But that is only part of the story. For the next episode we need to hear from Walden Bello, Professor of Sociology at the University of the Philippines, and president of the Freedom from Debt Coalition. Import substitution industrialization had a limited future in countries like Thailand because there has to be a growing domestic market based on a significant redistribution of income and wealth. Since the ruling elites were never going to allow such a thing to happen, a new strategy was required: export orientated industrialization. In Thailand this was achieved by an alliance between foreign capital and brands with the Thai tycoons providing cheap labour. The tiger economies emerged, and the factories provided an outlet for the next generation of the poor who could no longer be sustained on lands limited to unproductive size by the absence of land reform.

The rapid growth that resulted from Thailand manufacturing the products of other nations (but failing to produce any of its own) reduced the number of people living below the poverty line in Thailand as in many other countries, despite the grossly widening disparity of income and wealth distribution between the elites and the masses. As Dr Kongkiat, CEO of Asia Plus Securities observed this week in the Bangkok Post, "Around 71% of the seven trillion baht in bank savings is in accounts holding more than one million baht. Some 67,000 accounts have balances of more than 10 million baht." In other words most people in Thailand have no money, but a small number have a shit load.

But the current recession has exposed starkly the soft underbelly of the economic model – Western profligacy and greed could not be eternally funded on debt and rising house prices. The Thai government so far shows no signs of understanding that things have changed forever, the house of cards has fallen, and there is no Thai middle class to provide an alternative way out of trouble. Many of the increasing unemployed will return to the farms but the farms have no capacity to support them because there has never been any land reform. The end of the growth era, increasing poverty and great inequality will be an explosive recipe.

This is the landscape that underlies the real political crisis in Thailand. Thaksin was neither the political saviour of the poor nor the corrupt demagogue portrayed by the PAD. He was simply one of the Thai establishment who eventually got offside with his peers and paid the price. Thaksin was smart to recognize the opportunity courting the poor offered to gain political power and assiduous in portraying himself as one of them despite the obvious reality. However cynical and ultimately self-interested he was, he is perceived in the North and North East as having done more for the poor than any of his predecessors. It is unlikely that Thaksin was himself anti-royalist as he has often been perceived – in fact he zealously pursued links with the Crown Prince who is still likely to be the King’s successor. But he awoke the monster of mass political consciousness, and now that the poor have tasted their own power they are unlikely to let go. The ruling elites have been desperately trying to put the genie back in the bottle and perhaps with a more astute Abhisit government, and without an economic crisis that represents the end of the export era, it might have been possible for a while.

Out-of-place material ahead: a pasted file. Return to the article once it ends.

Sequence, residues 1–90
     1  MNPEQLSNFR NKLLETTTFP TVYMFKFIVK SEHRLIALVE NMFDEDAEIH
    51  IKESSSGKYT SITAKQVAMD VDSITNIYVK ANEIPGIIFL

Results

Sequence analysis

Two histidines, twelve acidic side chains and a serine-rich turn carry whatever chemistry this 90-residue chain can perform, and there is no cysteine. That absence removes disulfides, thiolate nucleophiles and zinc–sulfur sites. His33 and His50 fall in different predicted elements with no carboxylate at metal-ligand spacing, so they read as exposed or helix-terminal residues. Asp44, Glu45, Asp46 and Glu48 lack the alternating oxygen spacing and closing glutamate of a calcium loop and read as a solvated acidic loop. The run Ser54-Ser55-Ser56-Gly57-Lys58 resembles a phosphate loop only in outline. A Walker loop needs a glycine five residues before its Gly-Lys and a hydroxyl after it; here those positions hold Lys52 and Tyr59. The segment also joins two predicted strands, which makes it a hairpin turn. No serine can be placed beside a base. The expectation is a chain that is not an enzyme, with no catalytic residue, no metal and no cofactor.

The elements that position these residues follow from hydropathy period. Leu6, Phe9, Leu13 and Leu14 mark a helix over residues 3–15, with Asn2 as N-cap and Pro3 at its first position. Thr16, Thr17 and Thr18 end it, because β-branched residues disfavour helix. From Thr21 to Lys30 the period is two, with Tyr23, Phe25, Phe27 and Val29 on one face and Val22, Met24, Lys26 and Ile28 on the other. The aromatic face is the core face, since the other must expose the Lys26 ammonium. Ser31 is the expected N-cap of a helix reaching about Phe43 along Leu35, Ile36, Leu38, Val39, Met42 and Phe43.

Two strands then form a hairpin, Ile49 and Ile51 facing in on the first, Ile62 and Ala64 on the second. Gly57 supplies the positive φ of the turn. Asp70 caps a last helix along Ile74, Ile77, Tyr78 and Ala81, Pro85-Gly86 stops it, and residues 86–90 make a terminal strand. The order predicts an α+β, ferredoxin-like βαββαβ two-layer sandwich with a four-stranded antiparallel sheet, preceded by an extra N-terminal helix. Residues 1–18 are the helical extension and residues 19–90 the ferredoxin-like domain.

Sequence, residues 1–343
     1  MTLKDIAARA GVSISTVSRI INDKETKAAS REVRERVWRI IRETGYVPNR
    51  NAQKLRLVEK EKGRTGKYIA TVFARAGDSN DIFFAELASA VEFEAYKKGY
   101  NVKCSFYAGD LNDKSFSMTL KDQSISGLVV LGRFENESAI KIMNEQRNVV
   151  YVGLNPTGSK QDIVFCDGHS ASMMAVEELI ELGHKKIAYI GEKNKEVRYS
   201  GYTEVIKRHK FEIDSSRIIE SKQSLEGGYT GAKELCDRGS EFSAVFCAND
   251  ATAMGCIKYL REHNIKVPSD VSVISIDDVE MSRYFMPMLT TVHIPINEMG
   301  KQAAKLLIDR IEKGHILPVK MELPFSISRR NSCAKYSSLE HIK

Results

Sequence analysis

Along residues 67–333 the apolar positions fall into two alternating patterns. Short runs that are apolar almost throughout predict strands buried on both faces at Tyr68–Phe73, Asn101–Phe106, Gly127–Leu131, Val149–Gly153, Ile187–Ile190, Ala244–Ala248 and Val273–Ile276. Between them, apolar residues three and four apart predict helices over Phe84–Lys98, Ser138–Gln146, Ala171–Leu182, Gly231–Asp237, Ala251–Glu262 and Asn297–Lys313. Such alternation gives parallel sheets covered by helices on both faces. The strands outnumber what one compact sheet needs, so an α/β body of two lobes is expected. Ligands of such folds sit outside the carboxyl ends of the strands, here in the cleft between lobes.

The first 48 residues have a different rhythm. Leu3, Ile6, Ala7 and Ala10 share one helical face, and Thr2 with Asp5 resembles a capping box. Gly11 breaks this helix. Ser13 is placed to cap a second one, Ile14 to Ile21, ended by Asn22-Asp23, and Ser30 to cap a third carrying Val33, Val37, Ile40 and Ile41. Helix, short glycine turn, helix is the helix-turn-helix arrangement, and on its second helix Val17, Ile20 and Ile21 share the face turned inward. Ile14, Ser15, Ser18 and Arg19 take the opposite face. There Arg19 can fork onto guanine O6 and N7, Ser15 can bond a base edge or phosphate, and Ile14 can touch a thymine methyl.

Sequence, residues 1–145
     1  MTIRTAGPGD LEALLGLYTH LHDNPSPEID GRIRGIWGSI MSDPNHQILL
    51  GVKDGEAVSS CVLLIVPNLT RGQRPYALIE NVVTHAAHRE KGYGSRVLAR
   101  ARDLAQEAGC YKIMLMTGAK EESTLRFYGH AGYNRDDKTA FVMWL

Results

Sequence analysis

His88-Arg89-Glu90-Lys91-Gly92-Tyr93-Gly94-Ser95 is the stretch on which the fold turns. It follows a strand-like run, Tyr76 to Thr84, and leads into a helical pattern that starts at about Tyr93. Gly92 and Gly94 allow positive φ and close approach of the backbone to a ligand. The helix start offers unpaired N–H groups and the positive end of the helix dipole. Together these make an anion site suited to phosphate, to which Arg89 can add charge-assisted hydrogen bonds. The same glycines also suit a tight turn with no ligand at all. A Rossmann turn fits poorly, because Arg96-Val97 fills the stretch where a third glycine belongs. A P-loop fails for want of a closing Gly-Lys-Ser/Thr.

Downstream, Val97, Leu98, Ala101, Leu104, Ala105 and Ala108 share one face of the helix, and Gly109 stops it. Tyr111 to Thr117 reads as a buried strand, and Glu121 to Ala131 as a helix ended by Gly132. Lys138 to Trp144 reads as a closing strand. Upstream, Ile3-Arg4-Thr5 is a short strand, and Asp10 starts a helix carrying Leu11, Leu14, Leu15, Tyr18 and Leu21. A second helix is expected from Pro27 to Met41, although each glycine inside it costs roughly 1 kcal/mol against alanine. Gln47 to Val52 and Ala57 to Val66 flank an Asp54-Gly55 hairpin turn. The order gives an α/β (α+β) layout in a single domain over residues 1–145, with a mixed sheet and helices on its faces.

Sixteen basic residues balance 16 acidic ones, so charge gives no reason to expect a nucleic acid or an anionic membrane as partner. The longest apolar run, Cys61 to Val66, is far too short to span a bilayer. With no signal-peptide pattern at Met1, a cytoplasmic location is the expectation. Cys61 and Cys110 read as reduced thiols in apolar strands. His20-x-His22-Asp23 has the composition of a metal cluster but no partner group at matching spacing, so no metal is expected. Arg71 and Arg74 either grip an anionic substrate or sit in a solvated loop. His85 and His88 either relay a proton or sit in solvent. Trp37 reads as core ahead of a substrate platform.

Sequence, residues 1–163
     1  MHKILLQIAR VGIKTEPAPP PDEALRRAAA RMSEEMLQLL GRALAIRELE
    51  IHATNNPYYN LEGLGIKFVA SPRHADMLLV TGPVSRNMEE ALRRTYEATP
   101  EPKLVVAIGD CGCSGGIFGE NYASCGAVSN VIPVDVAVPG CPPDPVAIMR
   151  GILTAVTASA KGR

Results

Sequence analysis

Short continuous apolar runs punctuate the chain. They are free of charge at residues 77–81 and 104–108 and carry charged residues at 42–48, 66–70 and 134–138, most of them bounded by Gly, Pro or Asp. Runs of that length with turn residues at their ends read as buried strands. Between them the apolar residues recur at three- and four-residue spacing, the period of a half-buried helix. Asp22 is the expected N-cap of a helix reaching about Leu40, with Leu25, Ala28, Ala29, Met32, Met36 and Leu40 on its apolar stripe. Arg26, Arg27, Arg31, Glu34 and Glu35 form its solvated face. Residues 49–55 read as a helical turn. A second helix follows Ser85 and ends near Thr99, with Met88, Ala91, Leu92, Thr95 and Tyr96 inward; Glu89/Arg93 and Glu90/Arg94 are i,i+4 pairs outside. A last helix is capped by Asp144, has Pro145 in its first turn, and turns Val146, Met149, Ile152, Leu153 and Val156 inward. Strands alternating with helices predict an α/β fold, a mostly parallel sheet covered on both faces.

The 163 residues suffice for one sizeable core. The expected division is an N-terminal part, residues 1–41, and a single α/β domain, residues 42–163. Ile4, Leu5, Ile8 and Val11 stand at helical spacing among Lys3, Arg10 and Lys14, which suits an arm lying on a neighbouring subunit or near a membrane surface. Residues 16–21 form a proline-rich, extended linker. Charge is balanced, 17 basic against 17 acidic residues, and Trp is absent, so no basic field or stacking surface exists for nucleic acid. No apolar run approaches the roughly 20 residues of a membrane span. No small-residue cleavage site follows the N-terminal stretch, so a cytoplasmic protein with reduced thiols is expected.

Abhisit’s “me-too” populism will not solve Thailand’s economic problems and he is too beholden to the PAD and their military and royal patrons to deal to the PAD in a way that will gain the confidence of the newly awakened masses alarmed by the clearly stated intentions of the elites to limit their political participation. The reality is that the PAD, the UDD and Thaksin are merely a sideshow to the unrest yet to come. All of these parties are still part and parcel of the doomed elitist patronage system.

As the economic crisis takes hold and increasingly impacts the poor, dissatisfaction and tension will rise. The King has been a unifying force for the Thailand of old, but now he too is aging. The time bomb is ticking and it doesn’t take a genius to predict the events of its likely detonation.

I fervently hope this is all too pessimistic. I hope the American economy will quickly burst into life, Western property prices will soar, we will all have enough cash for a brand new Thai made Honda Accord, Thai teachers will start encouraging questions in class, the PAD and UDD will kiss and make up, Abhisit will launch urgent and immediate land reform, the Thai elites will renounce their greed and encourage local farming and business cooperatives and pigs will fly.

Stickman's thoughts:

Interesting points and yes, I agree that the clouds forming on the horizon are getting darker and darker. A massive storm is coming. We have seen nothing yet…